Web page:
16 TR15/2 Structured Products 4. Findings from our discovery work with firms The following section contains the detailed findings from our supervisory work with retail and wholesale firms. Target market identification Our expectations Firms should recognise that identifying a target market is very important, not only for generating ideas for products, but to ensure that products address specific investor needs and are designed in a way that the end customer can understand. Consideration of target market factors should permeate all aspects of product development and distribution, as noted above, as well as ensuring the selection of appropriate distribution channels and the promotion of the product accompanied by sufficient and correct information. 15 Our findings The firms in our review had identified the distribution channels for their structured products. However, we were concerned that most firms were unable to evidence that they had taken sufficient steps to identify the needs of a specific target market for their products and then use this information to inform decisions on product development, the selection of distribution channels and their marketing/promotion strategy. Although some firms in our retail review had undertaken their own market research and/or consumer testing, this tended to be focused on identifying the factors that made potential products attractive to customers (and could be used to market them more successfully), rather than understanding and seeking to serve the needs and objectives of end customers. Firms were also influenced by feedback from intermediaries regarding which types of product were likely to sell. The firms in our wholesale review typically used a matrix describing the notional target market for different types of product. One firm sought to manage the risks in this area by using a template that contained a detailed list of product features and linked them to investment requirements of end customers in a defined target market. Some firms adopted the principle that only simple products should be sold to retail investors, however, the definition of a simple product was not always consistent and some did not have a clear view on what a simple product was (and whether these simple products were understood by their customers). We were concerned this could result in products being manufactured (and subsequently distributed) without adequate consideration of the target market, customer needs and the appropriate channels for distribution. 15 RPPD, para 1.17 (1) and FG12/09, pp March 2015 Financial Conduct Authority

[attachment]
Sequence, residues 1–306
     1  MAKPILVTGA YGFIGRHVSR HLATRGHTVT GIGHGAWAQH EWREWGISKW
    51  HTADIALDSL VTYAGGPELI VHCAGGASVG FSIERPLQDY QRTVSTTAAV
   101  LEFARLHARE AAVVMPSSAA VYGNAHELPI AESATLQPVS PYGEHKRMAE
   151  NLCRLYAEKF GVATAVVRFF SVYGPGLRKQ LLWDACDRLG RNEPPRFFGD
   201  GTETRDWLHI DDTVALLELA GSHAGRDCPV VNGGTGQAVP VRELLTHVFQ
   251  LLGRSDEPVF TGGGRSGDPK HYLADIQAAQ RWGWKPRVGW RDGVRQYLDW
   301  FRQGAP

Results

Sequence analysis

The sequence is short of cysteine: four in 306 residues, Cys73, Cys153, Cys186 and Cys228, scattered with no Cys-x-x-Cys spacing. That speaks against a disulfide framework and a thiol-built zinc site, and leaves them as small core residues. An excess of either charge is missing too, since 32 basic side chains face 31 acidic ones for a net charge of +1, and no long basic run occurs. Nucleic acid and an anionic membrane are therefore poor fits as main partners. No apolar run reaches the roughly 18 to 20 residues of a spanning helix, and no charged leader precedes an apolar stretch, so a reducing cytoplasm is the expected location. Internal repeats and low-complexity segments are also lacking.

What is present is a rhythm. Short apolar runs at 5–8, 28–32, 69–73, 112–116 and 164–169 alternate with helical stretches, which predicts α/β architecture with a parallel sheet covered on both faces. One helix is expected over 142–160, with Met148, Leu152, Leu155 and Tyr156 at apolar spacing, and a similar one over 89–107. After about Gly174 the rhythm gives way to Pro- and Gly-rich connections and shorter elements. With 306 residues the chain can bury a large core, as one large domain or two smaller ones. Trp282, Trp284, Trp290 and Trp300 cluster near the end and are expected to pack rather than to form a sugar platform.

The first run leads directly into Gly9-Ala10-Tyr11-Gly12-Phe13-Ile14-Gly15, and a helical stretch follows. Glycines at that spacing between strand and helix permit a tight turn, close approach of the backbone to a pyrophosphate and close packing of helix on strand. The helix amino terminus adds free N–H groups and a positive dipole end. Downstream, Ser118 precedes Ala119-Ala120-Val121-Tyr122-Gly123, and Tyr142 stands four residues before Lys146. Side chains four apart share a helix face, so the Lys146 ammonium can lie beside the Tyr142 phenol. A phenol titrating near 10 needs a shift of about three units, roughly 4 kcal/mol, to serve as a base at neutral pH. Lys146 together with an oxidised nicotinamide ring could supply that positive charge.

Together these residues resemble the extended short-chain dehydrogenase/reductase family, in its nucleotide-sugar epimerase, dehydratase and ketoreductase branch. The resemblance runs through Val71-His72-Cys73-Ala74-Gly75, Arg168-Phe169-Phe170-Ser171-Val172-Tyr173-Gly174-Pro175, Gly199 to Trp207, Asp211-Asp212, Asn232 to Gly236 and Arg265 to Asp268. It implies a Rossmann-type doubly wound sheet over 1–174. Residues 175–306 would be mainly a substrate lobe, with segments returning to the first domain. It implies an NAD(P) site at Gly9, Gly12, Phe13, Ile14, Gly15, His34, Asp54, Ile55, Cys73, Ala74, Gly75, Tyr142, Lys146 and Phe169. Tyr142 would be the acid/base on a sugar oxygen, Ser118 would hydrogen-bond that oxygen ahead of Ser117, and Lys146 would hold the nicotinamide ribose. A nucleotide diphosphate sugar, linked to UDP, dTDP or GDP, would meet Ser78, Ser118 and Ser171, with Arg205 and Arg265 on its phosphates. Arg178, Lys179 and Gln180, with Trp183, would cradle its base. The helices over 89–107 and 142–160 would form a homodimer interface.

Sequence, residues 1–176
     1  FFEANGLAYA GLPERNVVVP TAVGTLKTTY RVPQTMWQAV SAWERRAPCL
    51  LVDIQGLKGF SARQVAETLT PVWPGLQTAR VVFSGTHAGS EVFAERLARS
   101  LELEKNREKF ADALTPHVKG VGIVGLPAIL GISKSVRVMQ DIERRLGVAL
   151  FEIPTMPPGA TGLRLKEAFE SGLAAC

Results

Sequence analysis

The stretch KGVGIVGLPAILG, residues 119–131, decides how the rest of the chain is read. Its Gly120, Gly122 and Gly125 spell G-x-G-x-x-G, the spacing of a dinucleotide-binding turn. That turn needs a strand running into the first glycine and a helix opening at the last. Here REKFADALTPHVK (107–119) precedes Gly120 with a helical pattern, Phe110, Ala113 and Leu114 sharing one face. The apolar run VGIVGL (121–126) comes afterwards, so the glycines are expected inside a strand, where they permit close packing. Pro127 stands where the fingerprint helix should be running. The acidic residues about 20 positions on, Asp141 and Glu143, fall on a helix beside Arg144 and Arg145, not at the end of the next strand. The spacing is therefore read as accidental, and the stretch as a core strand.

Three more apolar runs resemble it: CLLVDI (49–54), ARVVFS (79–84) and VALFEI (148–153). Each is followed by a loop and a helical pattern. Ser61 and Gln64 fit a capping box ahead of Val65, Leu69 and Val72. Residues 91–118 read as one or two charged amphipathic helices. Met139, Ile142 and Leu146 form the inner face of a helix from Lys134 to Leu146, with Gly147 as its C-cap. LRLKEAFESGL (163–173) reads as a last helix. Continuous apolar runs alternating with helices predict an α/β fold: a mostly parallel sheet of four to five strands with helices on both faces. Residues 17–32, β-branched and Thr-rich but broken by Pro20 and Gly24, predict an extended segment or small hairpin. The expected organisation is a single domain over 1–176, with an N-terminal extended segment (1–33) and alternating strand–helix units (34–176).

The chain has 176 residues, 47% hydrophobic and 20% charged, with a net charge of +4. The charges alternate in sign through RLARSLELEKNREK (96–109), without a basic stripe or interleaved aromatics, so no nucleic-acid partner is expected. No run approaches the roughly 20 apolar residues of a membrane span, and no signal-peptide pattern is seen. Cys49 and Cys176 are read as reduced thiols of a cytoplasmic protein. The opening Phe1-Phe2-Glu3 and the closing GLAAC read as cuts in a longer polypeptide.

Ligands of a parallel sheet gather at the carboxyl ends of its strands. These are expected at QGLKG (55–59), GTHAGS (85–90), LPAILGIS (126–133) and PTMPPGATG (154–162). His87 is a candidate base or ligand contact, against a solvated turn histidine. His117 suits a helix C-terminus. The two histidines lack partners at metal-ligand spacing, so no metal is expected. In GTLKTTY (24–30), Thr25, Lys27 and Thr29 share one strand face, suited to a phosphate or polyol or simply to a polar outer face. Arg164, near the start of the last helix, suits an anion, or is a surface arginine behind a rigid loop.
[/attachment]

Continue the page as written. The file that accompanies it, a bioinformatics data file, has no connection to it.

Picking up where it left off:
17 Structured Products TR15/2 Analysis of product complexity To provide further insight, our retail review included an assessment of the complexity of a sample of structured deposits and capital protected structured investment sold to retail clients. We used product information requested from firms in our retail review to assess the complexity of a sample of retail structured deposits and capital protected structured investment products sold to retail customers. 16 We rated each product on a complexity scale ( low, medium and high ) based upon the number of features each product contained, the complexity of each feature in isolation, and on how the interaction between multiple features affected the outcome of the product. Our analysis suggested that most of the structured products in the sample were of medium or high complexity. We are concerned that the complexity of the products firms are creating for retail customers is at odds with the findings from our consumer research. The research suggested retail customers will often struggle to understand the features common to many structured products, undermining the quality of their decision-making. Firms should therefore ensure their approach to product design and distribution including the distribution channels used and the information provided to consumers adequately reflects the needs and financial sophistication of their target market. Selection of distribution channels Our expectations Firms should decide whether their structured product is one where customers would be wise to seek advice. If a structured product has complex features which are difficult to explain to customers, firms should take particular care with the use of non-advised distribution. Provider firms should consider the needs of the retail consumer at the end of the supply chain regardless of the distribution strategy that they are using. Distributors should not be regarded as the end customer. Firms should review whether distribution in practice corresponds to what was originally planned or envisaged for distributing their products, given the target market. This involves collecting and analysing appropriate MI so the firm can detect patterns in distribution compared with the planned target market, and can assess the performance of the channels through which its products are being distributed. Firms should carry out due diligence on distributors: initial due diligence would include an assessment of any risks posed to the fulfilment of the firm s legal and regulatory responsibilities, and 16 We asked the nine firms involved in our retail review to provide us with details of all structured deposits and capital protected structured investment products sold between 1 June 2008 and 31 May This consisted of 1,452 products covering approximately 21.5 billion of investment by approximately 1.3 million customers. Financial Conduct Authority March